The Art of Autism: Growing Up

By Tom Iland, with Keri Bowers

special needs

Autism advocate and presenter Tom Iland, pictured here with his younger sister, Lisa, was supported in a career change by his family. PHOTO COURTESY TOM ILAND

From Tom Iland: Growing up with autism is not easy. Social challenges, family dynamics, academics, employment opportunities and many other issues need to be addressed over the course of one’s life. In my experience, in having the right mindset and an effective, loving support system made these obstacles more manageable.

Shortly after my diagnosis at 13 years old, I was taught that using autism as an excuse or as a crutch to justify inappropriate behavior was not all right. My parents told me I had the power to think happy thoughts and do good things just as much as I had the power to think and act self-destructively. Realizing I had at least some control over my life (rather than being a victim) and that my parents would always fight forme (rather than with me) to live the best life possible gave me much-needed hope for a brighter future for myself.

My siblings also played a major role in my development and evolution. Since before my diagnosis, I’d wanted a girlfriend, but my hygiene, behavior, etc. hurt my chances rather than helped. My younger sister offered me a young woman’s perspective, showing me that girls like a guy that brushes his teeth, showers, knows how to cook, can dance, treats the women in his family well, etc. Having a better idea of what girls wanted and needed, I subsequently bettered myself.

My family supported me in my decisions all the way up to a recent major change in my life’s direction. I had been working as a certified public accountant for five years, but was not happy crunching numbers all day. I wanted something more. I wanted to touch people on a more personal level and make a greater difference in their lives, particularly those affected by autism. When I told my parents I was leaving accounting for good, they thought I was nuts. So much went into college and the struggle to find secure, permanent, gainful employment only to say, “No, thank you.” Really?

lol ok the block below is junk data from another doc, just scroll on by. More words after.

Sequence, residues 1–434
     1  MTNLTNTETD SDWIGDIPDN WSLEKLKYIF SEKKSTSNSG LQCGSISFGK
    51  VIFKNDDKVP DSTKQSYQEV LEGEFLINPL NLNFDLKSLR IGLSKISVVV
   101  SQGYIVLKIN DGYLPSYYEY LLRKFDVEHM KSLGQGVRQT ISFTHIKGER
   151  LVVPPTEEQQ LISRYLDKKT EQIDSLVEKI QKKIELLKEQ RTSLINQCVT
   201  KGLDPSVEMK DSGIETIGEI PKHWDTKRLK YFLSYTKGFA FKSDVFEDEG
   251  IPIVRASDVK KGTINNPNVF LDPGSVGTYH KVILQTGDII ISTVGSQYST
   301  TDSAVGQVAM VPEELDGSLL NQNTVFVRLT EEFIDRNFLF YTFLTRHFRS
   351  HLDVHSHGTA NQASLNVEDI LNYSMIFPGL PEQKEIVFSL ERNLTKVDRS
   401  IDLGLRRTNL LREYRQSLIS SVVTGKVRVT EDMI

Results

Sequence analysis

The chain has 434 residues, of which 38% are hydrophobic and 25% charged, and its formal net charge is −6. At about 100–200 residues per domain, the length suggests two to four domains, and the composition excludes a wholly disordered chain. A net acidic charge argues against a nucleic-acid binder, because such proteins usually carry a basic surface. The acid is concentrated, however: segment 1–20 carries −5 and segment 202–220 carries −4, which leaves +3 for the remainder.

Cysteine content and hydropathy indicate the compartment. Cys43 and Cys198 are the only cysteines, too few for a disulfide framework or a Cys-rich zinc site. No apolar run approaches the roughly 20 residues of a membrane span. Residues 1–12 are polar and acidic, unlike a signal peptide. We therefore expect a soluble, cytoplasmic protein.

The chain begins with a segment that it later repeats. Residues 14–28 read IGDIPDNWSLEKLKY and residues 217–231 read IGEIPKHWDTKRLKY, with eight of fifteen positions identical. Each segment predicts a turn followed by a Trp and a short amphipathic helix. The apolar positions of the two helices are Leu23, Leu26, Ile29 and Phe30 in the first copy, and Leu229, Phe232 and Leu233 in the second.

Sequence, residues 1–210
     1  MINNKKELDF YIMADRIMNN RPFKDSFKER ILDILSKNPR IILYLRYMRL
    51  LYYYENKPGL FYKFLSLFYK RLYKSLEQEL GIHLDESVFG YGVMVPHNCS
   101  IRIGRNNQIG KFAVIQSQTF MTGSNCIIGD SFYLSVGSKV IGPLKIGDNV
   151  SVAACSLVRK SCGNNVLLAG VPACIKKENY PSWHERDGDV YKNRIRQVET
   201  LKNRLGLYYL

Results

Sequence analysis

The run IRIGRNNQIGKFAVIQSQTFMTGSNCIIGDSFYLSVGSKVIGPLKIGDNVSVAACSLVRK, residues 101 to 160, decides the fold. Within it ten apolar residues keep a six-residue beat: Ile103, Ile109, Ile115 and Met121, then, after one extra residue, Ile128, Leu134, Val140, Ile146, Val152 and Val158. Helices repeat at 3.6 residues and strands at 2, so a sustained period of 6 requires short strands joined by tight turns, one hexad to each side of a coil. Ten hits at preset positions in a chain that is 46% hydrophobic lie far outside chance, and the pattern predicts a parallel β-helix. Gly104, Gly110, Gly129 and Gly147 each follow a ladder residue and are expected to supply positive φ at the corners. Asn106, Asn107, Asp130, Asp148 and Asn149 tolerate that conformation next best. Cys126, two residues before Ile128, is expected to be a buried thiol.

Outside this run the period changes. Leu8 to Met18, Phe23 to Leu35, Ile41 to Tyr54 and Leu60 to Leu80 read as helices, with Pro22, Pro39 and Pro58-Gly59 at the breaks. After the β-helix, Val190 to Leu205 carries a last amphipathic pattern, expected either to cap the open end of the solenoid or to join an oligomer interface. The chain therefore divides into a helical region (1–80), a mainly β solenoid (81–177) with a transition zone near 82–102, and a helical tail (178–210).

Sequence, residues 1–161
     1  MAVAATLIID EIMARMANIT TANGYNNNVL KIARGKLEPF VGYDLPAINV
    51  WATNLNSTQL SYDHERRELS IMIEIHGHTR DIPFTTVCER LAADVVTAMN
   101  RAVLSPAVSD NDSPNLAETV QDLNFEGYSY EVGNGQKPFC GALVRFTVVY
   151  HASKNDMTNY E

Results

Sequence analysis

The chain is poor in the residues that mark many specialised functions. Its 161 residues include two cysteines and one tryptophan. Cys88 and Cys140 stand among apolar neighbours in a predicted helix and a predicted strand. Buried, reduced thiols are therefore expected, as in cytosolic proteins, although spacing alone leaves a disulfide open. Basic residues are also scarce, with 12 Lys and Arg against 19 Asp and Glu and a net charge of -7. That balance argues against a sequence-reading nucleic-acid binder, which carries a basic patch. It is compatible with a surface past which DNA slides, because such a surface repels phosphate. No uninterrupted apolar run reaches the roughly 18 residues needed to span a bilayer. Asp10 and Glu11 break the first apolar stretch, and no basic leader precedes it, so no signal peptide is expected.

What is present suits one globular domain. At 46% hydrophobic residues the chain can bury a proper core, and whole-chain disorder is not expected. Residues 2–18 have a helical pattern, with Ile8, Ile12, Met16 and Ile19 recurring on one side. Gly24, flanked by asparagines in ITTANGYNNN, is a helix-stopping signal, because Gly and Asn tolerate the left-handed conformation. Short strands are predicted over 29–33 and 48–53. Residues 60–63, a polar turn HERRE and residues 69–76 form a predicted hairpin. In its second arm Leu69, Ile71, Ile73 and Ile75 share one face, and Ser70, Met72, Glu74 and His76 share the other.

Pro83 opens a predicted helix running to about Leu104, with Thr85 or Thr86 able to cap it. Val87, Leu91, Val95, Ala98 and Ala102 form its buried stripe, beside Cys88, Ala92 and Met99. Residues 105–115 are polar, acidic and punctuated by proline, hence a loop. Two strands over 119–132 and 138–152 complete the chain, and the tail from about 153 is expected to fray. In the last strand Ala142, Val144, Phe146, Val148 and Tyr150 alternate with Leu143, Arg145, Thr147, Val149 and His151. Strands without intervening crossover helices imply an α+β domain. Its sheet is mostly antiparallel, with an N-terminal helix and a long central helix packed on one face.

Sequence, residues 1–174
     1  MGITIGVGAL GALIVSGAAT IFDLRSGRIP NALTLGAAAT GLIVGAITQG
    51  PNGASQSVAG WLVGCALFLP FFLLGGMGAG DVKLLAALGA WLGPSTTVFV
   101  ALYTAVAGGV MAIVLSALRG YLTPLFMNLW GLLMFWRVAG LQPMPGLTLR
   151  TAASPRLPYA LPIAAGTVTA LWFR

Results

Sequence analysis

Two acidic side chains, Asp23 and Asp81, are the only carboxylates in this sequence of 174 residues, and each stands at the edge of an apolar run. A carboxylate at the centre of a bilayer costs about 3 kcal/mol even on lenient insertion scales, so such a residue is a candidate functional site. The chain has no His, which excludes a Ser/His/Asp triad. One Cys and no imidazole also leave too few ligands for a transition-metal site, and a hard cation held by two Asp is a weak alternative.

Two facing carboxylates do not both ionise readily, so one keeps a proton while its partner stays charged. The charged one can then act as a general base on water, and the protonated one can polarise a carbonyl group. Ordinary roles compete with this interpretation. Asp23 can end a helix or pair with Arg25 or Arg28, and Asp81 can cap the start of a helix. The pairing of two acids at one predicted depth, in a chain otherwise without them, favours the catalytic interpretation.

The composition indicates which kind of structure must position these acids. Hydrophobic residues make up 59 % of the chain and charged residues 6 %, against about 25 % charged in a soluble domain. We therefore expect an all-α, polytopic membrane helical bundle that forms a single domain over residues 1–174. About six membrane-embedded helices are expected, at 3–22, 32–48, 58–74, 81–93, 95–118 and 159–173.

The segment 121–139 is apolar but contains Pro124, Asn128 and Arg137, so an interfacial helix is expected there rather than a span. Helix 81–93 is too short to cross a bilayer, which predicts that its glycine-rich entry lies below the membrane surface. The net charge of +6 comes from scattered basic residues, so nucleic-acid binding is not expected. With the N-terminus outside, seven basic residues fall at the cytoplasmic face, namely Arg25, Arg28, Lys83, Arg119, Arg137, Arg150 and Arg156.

By being aware of my diagnosis, not letting it hold me back and with family and friends’ support, I now embrace life more fully. I continue to struggle to make a name for myself in my new career, but remind myself: I have the power to think happy thoughts and do good things. I now help myself and others come to life rather than waiting for life to happen to us. I am the creator of my own reality. Happily, my parents have come around to support my decisions, made as the adult son they raised.

Commentary by Keri Bowers: I met Tom 10 years ago on the set of our film, “Normal People Scare Me; a film about autism.” Recently, I saw him again when he took center stage at the premier of our new sequel, “Normal People Scare Me Too.” I was floored. Commanding everyone’s attention, he made an indelible impression when he shared, “Be the person you want to be – it won’t be easy – but it’s worth the hard work.”

So what makes one person boldly confident, while another is unsure? There are many factors, yet one in particular stands out. As parents of kids with disabilities, our job is to teach them how to make good choices. Regardless of their ability, with love, we must raise the bar of expectations. In doing so, we will watch our kids fall many times. Yet, with focus and repeated efforts, we will also see many successes as they learn to get back up.

With guilt and/or misguided instincts, some parents do too much to coddle their kids. Fearful of real and sometimes imagined harm, our instinct is to save our kids from the world. This also holds them back from learning how to make good choices, and from learning from outcomes – good or bad. It was painful to watch my son, Taylor, “fall down” while growing up under this, my rule of parenting. Yet, mother-to-mother, it was worth it to see him become a man, living semi-independently with limited supports.

All kids need to grow – in their own special, unique ways – beyond the appearances and realities of autism’s limitations. No matter where your child is at within disabilities’ paradigm, raising the bar of expectations – with love – is your gift to your child’s future.

Tom Iland is a graduate of Cal State Northridge, a Certified Public Accountant, and an autism advocate, presenter and consultant. He has worked with student groups, Regional Center staffs and police departments and can address a range of autism-related topics. Learn more at

Keri Bowers, an advocate, filmmaker, writer and artist, is always a mother first. She works with children and adults to uncover, grow and sharetheirvoices through art, poetry, music and writing. Co-founder of The Art of Autism, an international collaborative of autistic artists, her mission is to show how the arts positively impact life, social skills, language, academics and

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